Back in May, Hatnote's Stephen LaPorte and Mahmoud Hashemi created an interesting, real-time visualization of unregistered Wikipedia edits, giving us a peek at the sheer scope of the site's dedicated users community. Their newest project takes it a step further, setting the edits to music and creating a zen-like soundtrack to the Wikipedia's constant and chaotic revision process.
A little more from the creators:
Bells are additions, strings are subtractions. There's something reassuring about knowing that every user makes a noise, every edit has a voice in the roar. (Green circles are anonymous edits and purple circles are bots. White circles are brought to you by Registered Users Like You.)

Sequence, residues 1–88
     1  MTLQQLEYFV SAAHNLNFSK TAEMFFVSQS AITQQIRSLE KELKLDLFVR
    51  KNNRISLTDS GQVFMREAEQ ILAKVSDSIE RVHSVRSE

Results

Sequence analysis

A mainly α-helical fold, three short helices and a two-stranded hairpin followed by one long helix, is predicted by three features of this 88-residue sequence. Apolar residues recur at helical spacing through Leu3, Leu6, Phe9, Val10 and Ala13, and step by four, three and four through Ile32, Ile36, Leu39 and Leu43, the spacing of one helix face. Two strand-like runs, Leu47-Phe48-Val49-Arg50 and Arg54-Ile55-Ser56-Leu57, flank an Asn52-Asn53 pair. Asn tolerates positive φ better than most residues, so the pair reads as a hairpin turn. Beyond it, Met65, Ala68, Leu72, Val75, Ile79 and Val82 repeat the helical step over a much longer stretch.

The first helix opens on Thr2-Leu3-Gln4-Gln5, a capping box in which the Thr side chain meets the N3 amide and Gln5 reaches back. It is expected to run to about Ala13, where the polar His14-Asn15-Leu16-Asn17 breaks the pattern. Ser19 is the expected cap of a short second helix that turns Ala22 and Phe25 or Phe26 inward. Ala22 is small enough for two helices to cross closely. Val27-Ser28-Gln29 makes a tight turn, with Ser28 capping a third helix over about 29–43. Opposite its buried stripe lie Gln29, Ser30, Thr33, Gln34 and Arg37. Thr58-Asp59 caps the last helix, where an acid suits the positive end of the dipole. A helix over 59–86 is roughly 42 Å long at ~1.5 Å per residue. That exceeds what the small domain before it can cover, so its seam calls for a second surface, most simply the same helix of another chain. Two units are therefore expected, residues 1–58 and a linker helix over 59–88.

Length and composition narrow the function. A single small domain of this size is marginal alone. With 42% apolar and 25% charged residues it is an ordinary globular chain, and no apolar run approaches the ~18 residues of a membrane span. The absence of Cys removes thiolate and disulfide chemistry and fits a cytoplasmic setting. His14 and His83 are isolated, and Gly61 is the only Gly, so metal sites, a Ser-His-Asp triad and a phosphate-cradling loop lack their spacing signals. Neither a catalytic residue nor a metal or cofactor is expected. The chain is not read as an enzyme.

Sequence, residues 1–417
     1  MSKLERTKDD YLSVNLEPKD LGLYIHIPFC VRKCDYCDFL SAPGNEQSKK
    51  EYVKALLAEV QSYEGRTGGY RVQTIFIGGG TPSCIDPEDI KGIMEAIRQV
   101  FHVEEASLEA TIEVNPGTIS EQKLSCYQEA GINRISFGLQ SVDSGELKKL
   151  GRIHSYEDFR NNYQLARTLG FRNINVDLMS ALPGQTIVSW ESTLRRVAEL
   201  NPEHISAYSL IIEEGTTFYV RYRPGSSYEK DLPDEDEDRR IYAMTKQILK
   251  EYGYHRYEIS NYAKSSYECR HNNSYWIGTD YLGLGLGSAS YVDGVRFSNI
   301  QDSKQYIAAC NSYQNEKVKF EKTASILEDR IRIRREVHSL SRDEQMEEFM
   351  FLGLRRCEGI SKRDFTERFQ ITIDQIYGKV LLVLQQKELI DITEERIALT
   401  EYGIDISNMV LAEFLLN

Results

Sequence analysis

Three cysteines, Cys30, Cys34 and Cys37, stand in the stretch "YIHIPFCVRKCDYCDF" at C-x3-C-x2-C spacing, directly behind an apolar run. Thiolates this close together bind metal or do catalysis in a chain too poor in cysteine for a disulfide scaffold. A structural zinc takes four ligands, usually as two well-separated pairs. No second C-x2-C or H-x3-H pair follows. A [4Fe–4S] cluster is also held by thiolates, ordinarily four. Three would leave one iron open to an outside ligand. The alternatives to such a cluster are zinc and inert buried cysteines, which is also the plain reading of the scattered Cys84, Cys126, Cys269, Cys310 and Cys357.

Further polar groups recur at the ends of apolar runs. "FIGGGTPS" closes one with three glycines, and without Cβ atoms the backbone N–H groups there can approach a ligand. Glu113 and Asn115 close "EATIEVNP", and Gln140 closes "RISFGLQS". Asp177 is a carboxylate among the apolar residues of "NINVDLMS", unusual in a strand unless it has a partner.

Unlike Hatnote's first visualization, "Listen to Wikipedia" tracks both unregistered/anonymous user edits as well as edits from user-driven bots, making it much more active than the original map. You can toggle and filter the edits by language to fit the soundtrack to your tastes. We wrote this post to the peculiar, dulcet tones of edit wars in every available language and highly recommend it.
Charlie Warzel is a senior writer for BuzzFeed News and is based in New York. Warzel reports on and writes about the intersection of tech and culture.
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